One of the early findings in Alzheimer’s disease is that neurons or brain cells struggle to produce enough energy to function and thus begin to die off. One of the definitive tests to help diagnose early disease is an FDG PET scan. This test involves injecting a radiotracer glucose before obtaining a PET scan.
Healthy brain cells take the glucose in for energy production and show up orange or yellow on the scan. Areas involved in the disease cannot take the tracer in and lack the orange/yellow appearance that the glucose tracer creates. The image on the left is an FDG PET scan of a normal brain. The image on the right is of Alzheimer’s disease where the temporal (side) lobes and right frontal lobes are involved. The middle image is of MCI or pre-Alzheimer’s.
Several treatment strategies can be helpful in restoring health energy production in neurons. The first is a ketogenic diet which is the core diet of the Bredesen Protocol. While peripheral cells such as muscle cells can produce energy from fatty acids when glucose is unavailable, neurons cannot. Their only other fuel source is ketones which fats can be converted to.
Another method of restoring energy to neurons is the use of photobiomodulation (PBM). Cells such as neurons have “chromophores” in the energy production pathway. These are enzymes that are sensitive to light which can increase energy production preventing cell death and actually triggering regeneration. The key to brain PBM is using a type of light that can reach into the brain tissue activating the neurons in the involved areas.
The idea that light could be helpful in Alzheimer’s disease first came from studies of animals with large amounts of beta amyloid which is the misfolded protein that generates part of the toxic injury to cells. Lights flashing at 40 Hz caused much of the beta amyloid to be cleared. Unfortunately, this only occurred in the occipital cortex where vision is recorded and interpreted as white light only enters the brain through the optic nerve to the occipital cortex. The temporal and parietal lobes are the brain areas affected in Alzheimer’s disease.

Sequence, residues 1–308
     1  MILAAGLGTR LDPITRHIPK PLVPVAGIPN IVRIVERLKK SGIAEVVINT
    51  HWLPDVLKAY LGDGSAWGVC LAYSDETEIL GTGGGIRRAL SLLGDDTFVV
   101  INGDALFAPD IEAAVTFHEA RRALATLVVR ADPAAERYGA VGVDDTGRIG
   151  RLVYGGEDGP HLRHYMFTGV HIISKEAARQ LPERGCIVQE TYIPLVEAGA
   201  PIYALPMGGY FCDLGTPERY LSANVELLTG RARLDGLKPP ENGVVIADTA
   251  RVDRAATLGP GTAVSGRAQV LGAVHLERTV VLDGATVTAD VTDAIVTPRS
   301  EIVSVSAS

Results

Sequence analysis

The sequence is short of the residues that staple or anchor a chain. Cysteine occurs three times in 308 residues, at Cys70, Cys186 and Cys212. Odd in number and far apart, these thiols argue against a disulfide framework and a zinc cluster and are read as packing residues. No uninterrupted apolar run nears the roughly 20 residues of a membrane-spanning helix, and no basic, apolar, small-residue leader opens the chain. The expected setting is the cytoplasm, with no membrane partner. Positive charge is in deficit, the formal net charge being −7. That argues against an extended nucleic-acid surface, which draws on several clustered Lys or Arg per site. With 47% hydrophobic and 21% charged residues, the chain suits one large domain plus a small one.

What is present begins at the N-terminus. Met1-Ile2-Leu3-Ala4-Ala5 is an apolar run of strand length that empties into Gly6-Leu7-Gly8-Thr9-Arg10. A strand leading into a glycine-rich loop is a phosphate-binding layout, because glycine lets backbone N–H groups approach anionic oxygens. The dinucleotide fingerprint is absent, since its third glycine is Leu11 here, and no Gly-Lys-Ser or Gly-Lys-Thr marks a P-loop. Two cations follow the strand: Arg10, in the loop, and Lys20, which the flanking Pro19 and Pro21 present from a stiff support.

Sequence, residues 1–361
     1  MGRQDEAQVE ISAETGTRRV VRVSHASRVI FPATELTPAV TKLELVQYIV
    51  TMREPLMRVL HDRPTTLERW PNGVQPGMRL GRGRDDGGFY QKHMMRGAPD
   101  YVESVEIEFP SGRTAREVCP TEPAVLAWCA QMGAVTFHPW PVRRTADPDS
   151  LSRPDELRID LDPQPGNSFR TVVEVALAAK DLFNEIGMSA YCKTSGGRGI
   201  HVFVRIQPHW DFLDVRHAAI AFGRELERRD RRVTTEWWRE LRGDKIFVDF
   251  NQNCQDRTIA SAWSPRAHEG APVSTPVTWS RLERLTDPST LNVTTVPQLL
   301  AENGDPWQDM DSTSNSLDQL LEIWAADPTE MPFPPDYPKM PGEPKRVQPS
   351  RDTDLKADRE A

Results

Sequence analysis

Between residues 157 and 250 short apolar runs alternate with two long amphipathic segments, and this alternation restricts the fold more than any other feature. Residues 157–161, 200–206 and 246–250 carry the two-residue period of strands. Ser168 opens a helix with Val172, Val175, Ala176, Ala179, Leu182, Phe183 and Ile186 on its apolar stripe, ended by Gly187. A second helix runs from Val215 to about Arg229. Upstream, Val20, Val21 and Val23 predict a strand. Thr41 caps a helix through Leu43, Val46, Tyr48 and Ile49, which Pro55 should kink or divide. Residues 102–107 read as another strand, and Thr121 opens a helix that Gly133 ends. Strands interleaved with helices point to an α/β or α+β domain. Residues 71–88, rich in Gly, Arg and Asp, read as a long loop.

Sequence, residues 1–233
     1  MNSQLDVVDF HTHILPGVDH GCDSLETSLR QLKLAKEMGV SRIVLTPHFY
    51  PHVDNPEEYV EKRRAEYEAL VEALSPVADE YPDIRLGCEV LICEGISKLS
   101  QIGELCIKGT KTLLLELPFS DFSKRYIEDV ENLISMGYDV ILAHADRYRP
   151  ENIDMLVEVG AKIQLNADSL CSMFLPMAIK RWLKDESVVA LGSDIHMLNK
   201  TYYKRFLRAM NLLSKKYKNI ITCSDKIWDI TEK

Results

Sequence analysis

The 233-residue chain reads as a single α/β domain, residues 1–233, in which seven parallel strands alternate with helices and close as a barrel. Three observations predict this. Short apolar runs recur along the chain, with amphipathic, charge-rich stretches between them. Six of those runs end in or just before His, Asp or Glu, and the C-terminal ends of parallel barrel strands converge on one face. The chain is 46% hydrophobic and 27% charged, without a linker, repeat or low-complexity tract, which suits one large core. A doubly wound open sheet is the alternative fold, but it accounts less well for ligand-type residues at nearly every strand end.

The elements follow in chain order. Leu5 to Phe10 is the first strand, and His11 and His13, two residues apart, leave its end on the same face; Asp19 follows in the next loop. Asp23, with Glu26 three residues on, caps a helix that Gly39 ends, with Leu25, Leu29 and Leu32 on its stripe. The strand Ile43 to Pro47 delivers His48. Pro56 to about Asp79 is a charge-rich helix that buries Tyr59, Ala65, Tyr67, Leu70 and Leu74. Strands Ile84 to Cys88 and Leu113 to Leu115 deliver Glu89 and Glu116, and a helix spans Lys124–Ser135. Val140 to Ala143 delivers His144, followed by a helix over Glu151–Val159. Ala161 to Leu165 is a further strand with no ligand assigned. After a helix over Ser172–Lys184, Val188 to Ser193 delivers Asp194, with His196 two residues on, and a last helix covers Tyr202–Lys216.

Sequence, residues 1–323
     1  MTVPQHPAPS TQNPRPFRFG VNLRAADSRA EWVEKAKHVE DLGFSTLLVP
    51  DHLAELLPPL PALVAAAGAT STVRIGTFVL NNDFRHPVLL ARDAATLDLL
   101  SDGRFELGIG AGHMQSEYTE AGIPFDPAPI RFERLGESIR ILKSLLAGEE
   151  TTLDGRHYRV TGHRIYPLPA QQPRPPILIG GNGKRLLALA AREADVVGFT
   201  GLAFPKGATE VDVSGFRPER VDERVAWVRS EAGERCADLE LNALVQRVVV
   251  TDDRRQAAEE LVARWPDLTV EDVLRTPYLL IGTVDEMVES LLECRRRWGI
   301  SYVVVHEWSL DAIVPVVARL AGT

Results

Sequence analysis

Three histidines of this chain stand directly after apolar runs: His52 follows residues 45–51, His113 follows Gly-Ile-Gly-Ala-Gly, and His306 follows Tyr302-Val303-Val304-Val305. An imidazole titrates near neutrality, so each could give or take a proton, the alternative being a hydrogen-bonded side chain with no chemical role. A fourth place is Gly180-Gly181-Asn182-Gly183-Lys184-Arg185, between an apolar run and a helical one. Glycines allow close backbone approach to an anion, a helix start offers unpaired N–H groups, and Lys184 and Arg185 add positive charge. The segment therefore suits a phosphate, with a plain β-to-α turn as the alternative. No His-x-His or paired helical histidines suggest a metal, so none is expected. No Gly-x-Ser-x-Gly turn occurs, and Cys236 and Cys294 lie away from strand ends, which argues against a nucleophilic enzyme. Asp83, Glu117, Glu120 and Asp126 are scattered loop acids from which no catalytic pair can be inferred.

The next phase of research shifted to using infrared light which is a much higher wavelength than white light allowing it to penetrate about 40 mm or 1 ½ inches into the brain where it is applied. Different PBM devices with many diodes have been developed to cover the entire brain including the areas typically affected by the disease. This approach has been shown to be effective in improving cognitive function in both animal studies and human trials.
As would be expected PBM devices have evolved quickly in parallel with this research with more capable devices producing better results. The latest published clinical trial appeared in the July issue of Aging and Disease. In this trial patients with mild to moderate dementia were randomized to receive either active near infrared therapy or a sham procedure for 8 weeks. Prior to beginning the trial subjects had average scores of 23 on the MMSE cognitive test. The test has a maximum of 30 points and scores >25 are normal.
Following the 8 weeks of PBM the control subjects had no significant change in MMSE scores. In contrast subjects receiving the active PBM improved to a mean of 27.6, which is in the normal range. No adverse effects were seen in the trial of 66 subjects receiving active treatment.
This trial used the latest generation transcranial near-infrared PBM device which covers the entire brain with multiple diodes that emit 1070 nm light. This wavelength is uniquely efficient at penetration and tissue activation.
Other outcomes of the trial were that caregivers reported significantly less anxiety and better sleep, both problems that are associated with dementias such as Alzheimer’s disease.
One of the interesting observations with Alzheimer’s disease over the past decade is that no single drug seems to be able to importantly slow or reverse the disease. All progress has come from combinations of nutrition/lifestyle change and neuro-rehabilitative techniques such as PBM.